Monday, February 22, 2010

a wolf in sheep's clothing

It came to me in a flash as I listened to an old episode of the Savage Lovecast, Dan Savage's weekly podcast on all things sexual.

A young woman had e-mailed Dan, in the midst of the John Edwards/John Ensign/Mark Sanford debacles, to say that she was enjoying the podcast less because of Dan's apparent lack of support for monogamy.

If you've ever read Dan's column, you know he's got a talent for mockery. And when he spoke on the phone to the aforementioned and beleaguered young woman, he couldn't help but tease her by citing the Hebrew Scriptures and their many examples of men with '700 wives' as proof that monogamy is 'un-Biblical'.

"But if you want to fly in the face of God and have a monogamous heterosexual relationship," he told her, "I certainly support your choice."

It was when the young woman suggested Dan should extend his support to monogamists by offering them a 'pat on the back' for their efforts that it finally clicked for me, however.

Monogamy is not a virtue.

Treating it as one is a huge mistake, not only on an individual level, but on a cultural one as well.

Monogamy becomes a weapon, used to control sexuality. Think about the last time you heard a woman described as a "slut".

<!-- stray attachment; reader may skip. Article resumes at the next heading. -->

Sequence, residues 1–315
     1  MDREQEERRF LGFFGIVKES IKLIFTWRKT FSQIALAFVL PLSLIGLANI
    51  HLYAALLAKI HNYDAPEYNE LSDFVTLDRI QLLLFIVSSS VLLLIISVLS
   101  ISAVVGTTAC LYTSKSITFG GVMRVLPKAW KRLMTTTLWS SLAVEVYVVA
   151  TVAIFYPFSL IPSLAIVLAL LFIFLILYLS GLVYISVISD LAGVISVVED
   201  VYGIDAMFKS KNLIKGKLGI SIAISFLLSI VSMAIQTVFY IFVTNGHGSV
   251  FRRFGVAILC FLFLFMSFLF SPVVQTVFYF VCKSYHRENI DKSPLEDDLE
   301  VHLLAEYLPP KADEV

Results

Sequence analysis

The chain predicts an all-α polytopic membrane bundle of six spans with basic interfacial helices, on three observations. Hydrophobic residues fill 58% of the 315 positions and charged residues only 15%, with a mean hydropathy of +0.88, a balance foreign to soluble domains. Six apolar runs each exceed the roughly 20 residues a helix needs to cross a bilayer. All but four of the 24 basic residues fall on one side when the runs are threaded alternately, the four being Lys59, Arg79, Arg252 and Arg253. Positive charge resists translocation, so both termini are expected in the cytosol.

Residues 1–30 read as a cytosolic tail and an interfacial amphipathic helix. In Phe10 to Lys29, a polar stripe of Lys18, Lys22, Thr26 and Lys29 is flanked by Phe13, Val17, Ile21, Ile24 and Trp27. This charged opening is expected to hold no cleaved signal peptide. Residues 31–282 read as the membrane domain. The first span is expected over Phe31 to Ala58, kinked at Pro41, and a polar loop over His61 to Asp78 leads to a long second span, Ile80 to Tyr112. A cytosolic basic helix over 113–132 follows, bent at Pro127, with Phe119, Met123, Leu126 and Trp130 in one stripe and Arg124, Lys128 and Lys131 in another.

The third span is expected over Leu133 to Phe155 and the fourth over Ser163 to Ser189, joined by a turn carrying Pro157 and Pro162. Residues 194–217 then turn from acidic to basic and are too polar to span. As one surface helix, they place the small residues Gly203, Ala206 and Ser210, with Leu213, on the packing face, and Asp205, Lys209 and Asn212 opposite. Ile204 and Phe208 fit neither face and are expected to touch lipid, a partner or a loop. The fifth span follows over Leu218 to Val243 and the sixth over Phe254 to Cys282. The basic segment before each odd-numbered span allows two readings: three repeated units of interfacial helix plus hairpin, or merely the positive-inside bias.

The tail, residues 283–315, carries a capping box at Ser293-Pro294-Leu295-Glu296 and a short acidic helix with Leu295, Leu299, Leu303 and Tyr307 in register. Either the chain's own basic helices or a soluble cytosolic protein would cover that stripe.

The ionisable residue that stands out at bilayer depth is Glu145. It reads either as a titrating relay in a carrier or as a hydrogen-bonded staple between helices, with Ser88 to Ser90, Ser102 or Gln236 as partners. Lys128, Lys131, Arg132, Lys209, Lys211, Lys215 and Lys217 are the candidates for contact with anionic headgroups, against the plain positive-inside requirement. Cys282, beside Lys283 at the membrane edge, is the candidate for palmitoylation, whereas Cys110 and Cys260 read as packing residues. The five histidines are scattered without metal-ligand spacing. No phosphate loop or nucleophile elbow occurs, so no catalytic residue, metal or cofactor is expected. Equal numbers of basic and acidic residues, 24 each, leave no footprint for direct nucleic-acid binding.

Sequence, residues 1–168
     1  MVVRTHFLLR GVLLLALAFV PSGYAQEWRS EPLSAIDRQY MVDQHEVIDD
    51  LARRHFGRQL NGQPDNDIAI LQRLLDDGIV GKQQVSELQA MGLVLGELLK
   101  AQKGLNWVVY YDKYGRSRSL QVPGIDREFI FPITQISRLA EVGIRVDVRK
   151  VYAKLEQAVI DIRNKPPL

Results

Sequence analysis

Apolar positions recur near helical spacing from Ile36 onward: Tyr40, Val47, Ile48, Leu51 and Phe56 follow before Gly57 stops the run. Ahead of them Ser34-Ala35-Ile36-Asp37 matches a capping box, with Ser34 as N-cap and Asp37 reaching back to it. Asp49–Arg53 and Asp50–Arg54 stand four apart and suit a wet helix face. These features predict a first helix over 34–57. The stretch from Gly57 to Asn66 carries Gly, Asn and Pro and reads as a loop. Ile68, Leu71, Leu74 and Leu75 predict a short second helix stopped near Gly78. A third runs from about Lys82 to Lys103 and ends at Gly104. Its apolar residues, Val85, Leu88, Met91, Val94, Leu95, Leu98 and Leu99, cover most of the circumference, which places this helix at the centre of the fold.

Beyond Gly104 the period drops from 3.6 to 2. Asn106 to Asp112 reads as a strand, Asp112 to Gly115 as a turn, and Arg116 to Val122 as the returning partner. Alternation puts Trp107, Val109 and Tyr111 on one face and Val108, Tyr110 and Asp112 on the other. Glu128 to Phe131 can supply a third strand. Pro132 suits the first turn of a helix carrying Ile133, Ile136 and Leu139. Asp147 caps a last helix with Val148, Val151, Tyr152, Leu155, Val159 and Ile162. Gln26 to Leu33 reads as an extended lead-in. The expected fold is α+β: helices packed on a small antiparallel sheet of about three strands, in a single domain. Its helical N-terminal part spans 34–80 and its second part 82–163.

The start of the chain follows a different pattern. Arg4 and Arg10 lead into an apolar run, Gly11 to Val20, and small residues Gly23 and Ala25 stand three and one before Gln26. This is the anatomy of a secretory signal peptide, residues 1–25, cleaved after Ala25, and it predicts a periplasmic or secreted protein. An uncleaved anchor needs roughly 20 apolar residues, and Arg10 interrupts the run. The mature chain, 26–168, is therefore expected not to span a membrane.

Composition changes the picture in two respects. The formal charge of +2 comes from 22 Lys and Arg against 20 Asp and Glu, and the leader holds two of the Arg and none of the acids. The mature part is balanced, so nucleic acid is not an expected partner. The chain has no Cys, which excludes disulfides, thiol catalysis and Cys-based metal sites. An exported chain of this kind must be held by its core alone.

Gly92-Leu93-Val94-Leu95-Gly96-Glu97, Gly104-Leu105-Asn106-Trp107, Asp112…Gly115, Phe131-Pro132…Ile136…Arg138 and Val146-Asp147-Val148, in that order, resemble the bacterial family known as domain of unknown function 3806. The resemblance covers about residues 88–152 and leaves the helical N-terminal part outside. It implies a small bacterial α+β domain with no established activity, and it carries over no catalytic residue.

Monogamy becomes a political tool. Think Eliot Spitzer, Bill Clinton, Mark Sanford, John Edwards, John Ensign.

Monogamy becomes a standard for heroics. Think Tiger Woods, before and after.

None of it is good for us. It keeps us from taking an honest look at ourselves, our nature, our needs. It keeps us from developing true sexual compatibility with our partners.

Making monogamy into a virtue keeps us from examining our own sexual health.

But when we see monogamy as a choice we find out if it's the right one for us. And whether it is or it isn't, we appreciate the importance of discussing it with our partners. Because now we want to know where our partners stand and whether we really are a good fit.

Tiger Woods should not be monogamous. I hope that becomes as clear to him as it is to me.

And I hope that he and his family learn to respect his sexuality, no matter what the world comes to believe.

Let him return to being a hero for his prowess on the course, and leave his sexual prowess where it belongs and where we prefer ours: with him and his partners, behind closed doors.

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